Moving on...

today (Tuesday) was the first full day. We went to a site called Neot Kedumim outside of Tel Aviv. The name loosely translates to "Ancient Oases," but it is really billed as the Biblical Landscape Reserve in Israel. You can read more about it here. We had a great guide whose name is Helen, an American from NY who has been living in Israel for 40 years. She was a wealth of information. The site was incredible and really shows you the different species of plants mentioned in the bible, and their significance to bible believers and also to the Nation of Israel. We learned a lot about olives and olive oil, and also about the plant which is the national emblem of Israel - the plant is impossible to root out and can withstand very harsh conditions. See the parallel? It also looks like a menorah when it flowers.

Anyway, we had a nice time there but very short - the reserve is 625 acres, so it would take weeks to see and learn about it all. Helen tried to cram us with as much information as she could, and we tried to soak up as much as our jet-lagged minds would allow. We also had a very nice lunch there - hummus and pita, surprise suprise. I wondered aloud if we would be sick of hummus by the end of the trip. Other people said no.

Later in the afternoon we visited two people that are friends of my dad's in Tel Aviv and are leaders of messianic jewish congregations, like my dad. It was really good to meet these people of faith, to network with them and to hear of their experiences in Israel.

We intended to visit the ancient port city of Jaffa today, but that got pushed to tomorrow, so Tuesday turned out to be a really light day in terms of touring sites. Our tour guides have assured us that tomorrow the real intense touring begins, as they will be moving us rapidly from site to site and "beating us with the stick of information." 6 a.m. wake-up call from here on out.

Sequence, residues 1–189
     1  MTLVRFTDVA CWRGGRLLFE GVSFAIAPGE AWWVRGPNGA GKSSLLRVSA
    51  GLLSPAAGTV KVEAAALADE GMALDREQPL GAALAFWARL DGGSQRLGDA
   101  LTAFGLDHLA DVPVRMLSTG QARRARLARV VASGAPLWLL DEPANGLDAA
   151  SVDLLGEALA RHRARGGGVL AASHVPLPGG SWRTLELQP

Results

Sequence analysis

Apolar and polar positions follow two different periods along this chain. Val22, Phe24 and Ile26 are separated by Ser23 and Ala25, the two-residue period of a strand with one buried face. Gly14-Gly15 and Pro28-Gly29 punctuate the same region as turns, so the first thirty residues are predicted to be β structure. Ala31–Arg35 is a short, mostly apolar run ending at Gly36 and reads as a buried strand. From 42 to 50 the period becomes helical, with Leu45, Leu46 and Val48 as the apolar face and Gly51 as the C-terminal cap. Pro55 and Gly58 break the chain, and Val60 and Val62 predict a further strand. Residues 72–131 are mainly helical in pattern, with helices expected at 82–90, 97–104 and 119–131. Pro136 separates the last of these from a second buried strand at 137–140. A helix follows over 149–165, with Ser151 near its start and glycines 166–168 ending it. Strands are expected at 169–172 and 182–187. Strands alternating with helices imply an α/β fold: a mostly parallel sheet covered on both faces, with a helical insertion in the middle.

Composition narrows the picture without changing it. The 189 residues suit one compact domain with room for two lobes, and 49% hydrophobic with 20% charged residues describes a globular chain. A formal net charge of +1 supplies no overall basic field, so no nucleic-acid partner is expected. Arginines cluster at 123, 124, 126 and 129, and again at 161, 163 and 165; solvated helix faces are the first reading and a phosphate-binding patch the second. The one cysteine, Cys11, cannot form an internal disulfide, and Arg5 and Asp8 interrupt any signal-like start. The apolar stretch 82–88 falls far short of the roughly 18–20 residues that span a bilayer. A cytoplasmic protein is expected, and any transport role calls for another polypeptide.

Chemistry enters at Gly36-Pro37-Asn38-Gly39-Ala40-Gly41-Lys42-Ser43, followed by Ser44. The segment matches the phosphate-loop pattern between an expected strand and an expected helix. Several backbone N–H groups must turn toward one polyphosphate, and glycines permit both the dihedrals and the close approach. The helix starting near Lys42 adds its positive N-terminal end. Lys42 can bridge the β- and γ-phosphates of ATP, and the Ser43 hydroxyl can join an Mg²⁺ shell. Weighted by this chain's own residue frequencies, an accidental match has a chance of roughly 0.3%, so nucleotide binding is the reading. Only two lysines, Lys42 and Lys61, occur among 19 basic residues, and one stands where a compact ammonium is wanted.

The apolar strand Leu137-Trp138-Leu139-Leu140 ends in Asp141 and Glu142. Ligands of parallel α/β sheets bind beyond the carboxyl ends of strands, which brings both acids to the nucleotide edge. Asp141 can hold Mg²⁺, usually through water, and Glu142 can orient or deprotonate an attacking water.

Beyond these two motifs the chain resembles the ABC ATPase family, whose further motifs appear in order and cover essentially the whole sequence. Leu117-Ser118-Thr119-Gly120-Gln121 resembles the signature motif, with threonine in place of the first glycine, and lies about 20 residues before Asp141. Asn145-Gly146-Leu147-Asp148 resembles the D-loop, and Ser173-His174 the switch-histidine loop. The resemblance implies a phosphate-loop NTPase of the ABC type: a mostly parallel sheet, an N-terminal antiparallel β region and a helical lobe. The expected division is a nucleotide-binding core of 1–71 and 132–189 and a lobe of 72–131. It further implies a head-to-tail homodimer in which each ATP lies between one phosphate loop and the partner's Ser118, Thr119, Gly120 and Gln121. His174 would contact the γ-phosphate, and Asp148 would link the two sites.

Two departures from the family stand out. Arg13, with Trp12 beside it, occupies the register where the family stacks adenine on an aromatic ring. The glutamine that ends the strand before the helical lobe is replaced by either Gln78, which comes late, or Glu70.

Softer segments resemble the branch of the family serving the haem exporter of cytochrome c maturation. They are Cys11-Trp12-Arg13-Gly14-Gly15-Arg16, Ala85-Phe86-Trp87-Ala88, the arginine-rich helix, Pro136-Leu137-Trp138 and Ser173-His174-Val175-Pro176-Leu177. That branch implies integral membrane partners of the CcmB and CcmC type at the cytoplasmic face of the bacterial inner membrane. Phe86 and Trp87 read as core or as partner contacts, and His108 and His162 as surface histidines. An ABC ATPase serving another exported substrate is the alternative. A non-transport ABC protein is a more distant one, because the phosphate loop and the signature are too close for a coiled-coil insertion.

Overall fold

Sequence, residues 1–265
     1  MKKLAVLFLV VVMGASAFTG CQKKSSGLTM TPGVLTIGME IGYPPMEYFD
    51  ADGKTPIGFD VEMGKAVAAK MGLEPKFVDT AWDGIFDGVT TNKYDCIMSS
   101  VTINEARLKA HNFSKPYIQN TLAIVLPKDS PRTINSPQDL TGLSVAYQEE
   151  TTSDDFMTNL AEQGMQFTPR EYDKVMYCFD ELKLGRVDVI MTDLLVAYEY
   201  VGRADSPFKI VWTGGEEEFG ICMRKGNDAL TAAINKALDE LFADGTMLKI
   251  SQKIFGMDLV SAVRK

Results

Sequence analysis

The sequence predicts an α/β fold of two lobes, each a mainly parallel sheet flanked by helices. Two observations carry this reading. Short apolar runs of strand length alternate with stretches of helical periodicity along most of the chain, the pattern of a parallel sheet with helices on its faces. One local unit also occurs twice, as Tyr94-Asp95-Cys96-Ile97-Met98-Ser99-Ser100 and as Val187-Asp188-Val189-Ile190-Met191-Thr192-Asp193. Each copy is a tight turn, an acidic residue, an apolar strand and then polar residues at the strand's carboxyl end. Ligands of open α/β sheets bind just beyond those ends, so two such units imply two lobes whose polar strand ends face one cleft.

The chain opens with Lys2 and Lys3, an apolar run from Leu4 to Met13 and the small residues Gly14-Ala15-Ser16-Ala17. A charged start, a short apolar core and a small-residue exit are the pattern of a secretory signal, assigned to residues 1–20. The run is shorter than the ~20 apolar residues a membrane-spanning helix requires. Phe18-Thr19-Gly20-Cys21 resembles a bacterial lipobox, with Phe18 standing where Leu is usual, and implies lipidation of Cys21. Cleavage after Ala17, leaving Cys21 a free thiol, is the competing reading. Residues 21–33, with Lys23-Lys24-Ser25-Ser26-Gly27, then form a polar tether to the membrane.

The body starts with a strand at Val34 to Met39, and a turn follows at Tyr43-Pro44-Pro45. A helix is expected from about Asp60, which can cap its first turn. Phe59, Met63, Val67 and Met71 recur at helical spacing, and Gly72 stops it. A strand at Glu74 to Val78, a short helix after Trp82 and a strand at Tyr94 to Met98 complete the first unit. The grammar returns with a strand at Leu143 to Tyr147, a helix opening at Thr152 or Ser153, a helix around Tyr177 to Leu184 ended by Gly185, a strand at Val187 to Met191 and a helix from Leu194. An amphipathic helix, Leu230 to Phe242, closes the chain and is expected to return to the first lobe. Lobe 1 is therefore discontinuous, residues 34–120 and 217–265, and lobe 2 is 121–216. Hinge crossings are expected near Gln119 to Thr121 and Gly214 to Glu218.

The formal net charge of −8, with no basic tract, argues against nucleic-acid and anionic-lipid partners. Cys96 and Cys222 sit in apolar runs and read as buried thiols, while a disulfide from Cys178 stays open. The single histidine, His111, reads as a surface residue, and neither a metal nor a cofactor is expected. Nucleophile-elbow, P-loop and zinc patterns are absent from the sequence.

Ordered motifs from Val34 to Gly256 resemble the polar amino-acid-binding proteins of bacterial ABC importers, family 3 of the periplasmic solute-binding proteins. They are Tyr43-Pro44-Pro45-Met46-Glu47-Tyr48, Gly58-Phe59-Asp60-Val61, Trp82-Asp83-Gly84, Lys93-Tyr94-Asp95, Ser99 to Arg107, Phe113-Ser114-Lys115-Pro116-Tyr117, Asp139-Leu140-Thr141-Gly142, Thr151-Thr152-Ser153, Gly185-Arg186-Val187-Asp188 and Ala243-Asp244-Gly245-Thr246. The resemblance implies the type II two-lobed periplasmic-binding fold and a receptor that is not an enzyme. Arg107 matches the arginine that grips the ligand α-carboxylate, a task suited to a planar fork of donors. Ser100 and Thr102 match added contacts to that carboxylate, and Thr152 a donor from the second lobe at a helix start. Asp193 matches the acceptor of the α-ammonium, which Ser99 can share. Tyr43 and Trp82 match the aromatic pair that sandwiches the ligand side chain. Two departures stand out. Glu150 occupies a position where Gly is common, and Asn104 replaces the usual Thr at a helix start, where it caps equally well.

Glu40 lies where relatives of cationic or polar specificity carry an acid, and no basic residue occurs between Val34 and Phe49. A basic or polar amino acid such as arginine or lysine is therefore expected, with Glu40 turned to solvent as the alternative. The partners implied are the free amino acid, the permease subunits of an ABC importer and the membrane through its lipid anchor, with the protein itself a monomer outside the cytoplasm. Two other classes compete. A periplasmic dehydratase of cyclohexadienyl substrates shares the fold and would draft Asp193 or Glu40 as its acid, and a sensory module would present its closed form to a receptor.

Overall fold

Well, to sum up, my experience so far has been as rich and intense and wonderful as I had hoped for. I wish I could impart some general impressions thus far, but we really have been here too short a time to state anything useful, other than what you've read above. If anyone has specific questions about any aspect, post a comment to this site or send me an email.

Also, some of you have requested that I post pictures - unfortunately I most likely won't be able to until I get back to the states, but rest assured we are taking lots of photos, digital and disposable, as well as video cameras, tape recorders, journals, and just about every other recording device imaginable.

We are leaving Tel Aviv tomorrow :( and heading to the Galilee region where we will be staying in a less urbanized region, so it may be several days before I can write again. Rest assured that I will thinking of all of you and so you will be accompanying me in my journey in some way.

Until next time, shalom to all. Thanks for reading.

NOTE: All of the times of entries are Eastern Standard Time - Israel time is 7 hours ahead.

Sunday, June 13, 2004

We're Audi!!

We leave for the airport in 40 minutes. People are still getting packed here, unbelievable! I'm going to go ahead and predict I'll be the most lightly packed traveler in this group. I've got one medium-sized suitcase and a small day pack, (otherwise known as a Man-Purse.) Aww yeah!

So my next entry will be from the Holy Land. Or rather an internet cafe in the Holy Land.

See you on the other side!

Peace.

Shalom (Josie's addition.)